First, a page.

Backpacking With Your Dog: The Complete Guide
Stop And Smell The Roses (and then pee on them)
If you’re as obsessed with your dog as I am, chances are you want to bring them everywhere with you, including on your backpacking excursions. But how can you know if your dog is suited to backpacking? Will they enjoy it? What kind of logistics will you have to confront to make this dream into a reality?
These were all questions I faced when deciding whether or not to bring my dog, Dobby, on my Long Trail thru-hike in Vermont.
Complete guide to backpacking with your dog:
- Is your dog a good fit for backpacking?
- Preparing for a backpacking trip with your dog
- Dog Dietary Needs For Backpacking
- Choosing A Pack For Your Dog
- Dog Backpacking Gear Essentials
- Choosing a Trail to Backpack With Your Dog
- Taking Your First Backpacking Trip With Your Dog
Is Your Dog a Good Fit For Backpacking?
This is the first and most important question when deciding whether or not to bring your dog on a backpacking trip. As much as we love our dogs, some of them are simply not suited to trail life. While there are some concrete examples of dogs that should not go backpacking, ultimately this is a complicated question that only you can really answer.
What Kind of Dog Do You Have?
Many different factors apply when deciding whether to take your dog backpacking. There is no perfect dog breed for backpacking, but there are certain kinds of phenotypes and personalities better-suited to the activity than others. It is best for everyone involved if we are brutally honest with ourselves when determining our dogs’ suitability to a backcountry adventure.
Physical Form and Fitness
Larger, working dog breeds are usually the most successful when it comes to backpacking. They are large enough to carry their own packs and have the stamina and drive to handle the strenuous days spent hiking over rough terrain. This is not to say that small or slender dogs cannot go backpacking, but be aware that many smaller canines will need more help crossing obstacles like downed trees, rocks, and rivers and may not be able to carry their own gear. Some examples of dogs that should be left at home are:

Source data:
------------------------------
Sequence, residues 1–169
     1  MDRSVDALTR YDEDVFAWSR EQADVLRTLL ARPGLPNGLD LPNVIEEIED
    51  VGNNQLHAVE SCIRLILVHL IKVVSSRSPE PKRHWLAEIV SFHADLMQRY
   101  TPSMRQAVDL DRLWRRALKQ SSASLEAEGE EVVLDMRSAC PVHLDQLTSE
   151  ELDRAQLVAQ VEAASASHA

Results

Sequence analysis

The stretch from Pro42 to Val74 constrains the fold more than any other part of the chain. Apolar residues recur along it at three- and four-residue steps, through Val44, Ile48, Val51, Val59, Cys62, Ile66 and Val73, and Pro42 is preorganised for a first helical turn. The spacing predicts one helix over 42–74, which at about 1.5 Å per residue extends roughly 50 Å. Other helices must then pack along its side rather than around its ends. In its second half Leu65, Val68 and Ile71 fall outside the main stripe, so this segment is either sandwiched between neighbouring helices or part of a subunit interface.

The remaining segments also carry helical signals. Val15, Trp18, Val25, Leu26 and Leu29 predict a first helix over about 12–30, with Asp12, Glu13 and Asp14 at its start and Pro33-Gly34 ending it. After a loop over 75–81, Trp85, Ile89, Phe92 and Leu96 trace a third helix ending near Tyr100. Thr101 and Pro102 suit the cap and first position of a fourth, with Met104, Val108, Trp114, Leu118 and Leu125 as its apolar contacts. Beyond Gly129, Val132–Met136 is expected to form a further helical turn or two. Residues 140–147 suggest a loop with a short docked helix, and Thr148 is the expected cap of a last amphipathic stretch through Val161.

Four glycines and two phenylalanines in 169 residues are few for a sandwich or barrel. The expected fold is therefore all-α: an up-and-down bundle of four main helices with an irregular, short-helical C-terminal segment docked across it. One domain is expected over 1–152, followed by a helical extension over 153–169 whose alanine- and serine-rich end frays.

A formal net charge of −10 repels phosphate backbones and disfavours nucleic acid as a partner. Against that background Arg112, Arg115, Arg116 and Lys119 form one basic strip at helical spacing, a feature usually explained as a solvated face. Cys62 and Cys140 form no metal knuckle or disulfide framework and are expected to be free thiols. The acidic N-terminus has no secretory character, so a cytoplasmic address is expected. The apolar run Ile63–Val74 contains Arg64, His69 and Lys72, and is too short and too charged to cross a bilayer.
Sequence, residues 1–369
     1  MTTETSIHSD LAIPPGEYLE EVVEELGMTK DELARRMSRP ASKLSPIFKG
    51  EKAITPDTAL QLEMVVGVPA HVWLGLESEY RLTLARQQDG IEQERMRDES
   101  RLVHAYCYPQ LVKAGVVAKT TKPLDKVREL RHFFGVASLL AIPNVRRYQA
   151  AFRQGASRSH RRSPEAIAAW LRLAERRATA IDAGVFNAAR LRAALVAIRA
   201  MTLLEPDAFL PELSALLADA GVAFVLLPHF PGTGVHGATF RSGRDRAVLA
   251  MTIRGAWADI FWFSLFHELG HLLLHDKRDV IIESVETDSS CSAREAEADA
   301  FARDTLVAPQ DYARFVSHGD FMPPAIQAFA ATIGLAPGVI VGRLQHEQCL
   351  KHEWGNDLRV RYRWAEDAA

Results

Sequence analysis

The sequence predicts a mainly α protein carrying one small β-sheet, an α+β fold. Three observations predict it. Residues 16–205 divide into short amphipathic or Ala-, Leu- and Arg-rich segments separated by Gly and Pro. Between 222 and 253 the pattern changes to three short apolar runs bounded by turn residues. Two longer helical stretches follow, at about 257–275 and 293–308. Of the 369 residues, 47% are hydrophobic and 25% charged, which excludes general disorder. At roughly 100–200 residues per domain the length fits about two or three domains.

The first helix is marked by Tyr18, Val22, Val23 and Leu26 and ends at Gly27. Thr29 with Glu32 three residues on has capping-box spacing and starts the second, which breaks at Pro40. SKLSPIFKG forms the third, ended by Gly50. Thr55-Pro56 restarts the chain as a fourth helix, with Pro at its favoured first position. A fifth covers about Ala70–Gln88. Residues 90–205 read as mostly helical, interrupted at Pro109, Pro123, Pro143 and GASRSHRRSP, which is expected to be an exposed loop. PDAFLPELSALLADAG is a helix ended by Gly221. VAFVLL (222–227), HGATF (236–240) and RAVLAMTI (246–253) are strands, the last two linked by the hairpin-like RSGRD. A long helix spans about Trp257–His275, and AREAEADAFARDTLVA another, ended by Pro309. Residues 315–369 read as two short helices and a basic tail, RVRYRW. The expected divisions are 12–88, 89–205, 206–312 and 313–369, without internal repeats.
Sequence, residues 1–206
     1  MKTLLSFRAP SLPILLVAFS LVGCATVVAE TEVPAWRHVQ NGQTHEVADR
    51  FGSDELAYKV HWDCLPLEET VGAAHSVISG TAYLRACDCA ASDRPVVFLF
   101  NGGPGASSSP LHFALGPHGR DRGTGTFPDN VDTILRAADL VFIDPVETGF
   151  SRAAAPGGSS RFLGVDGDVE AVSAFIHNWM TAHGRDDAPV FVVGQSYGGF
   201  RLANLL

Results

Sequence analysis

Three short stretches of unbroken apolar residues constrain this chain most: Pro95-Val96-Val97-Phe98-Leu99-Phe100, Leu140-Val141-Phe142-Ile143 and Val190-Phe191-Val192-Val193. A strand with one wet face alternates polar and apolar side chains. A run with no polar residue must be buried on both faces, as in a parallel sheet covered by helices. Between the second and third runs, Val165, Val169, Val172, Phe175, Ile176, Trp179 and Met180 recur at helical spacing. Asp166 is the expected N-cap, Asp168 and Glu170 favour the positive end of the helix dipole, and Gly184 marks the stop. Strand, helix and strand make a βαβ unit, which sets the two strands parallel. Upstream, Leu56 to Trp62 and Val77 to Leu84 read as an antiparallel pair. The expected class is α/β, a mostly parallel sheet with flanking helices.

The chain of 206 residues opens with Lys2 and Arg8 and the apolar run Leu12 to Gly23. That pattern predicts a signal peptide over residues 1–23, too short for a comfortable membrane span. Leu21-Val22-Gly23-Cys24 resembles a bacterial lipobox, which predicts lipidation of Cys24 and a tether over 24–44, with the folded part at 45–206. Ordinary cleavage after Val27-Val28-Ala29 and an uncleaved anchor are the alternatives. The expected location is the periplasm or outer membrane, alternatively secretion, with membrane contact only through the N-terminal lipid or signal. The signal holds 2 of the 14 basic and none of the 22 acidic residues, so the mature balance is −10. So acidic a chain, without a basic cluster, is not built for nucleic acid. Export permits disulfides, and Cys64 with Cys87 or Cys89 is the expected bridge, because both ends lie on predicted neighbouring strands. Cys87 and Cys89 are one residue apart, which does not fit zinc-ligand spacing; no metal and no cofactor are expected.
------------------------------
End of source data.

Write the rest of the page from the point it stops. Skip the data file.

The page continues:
- Brachiocephalic dogs: Those breeds with a “smushed face” appearance, like pugs and bulldogs, do not typically make successful backpackers. Their severely shortened snout makes breathing difficult and they are much more likely to overheat. Both of these shortcomings can lead to life-threatening situations, so think very hard before bringing a dog like this on a long hike.
- “Low-riders”: Dogs that have short legs and a proportionately long spine, like Dachshunds or Corgis, are also incompatible with long hiking trips. Their short legs make crossing obstacles difficult. Their long spine significantly increases their likelihood of suffering a back injury and renders them unable to safely carry a weighted pack.
- Puppies: Young puppies are best left at home. Most puppies are not inoculated against many diseases they may pick up in the wilderness until at least 4 months of age and their growing bone structure is not yet equipped to handle the rigors of difficult backpacking. Dogs that are not full-grown (usually between 2 and 3 years of age) should not carry a pack.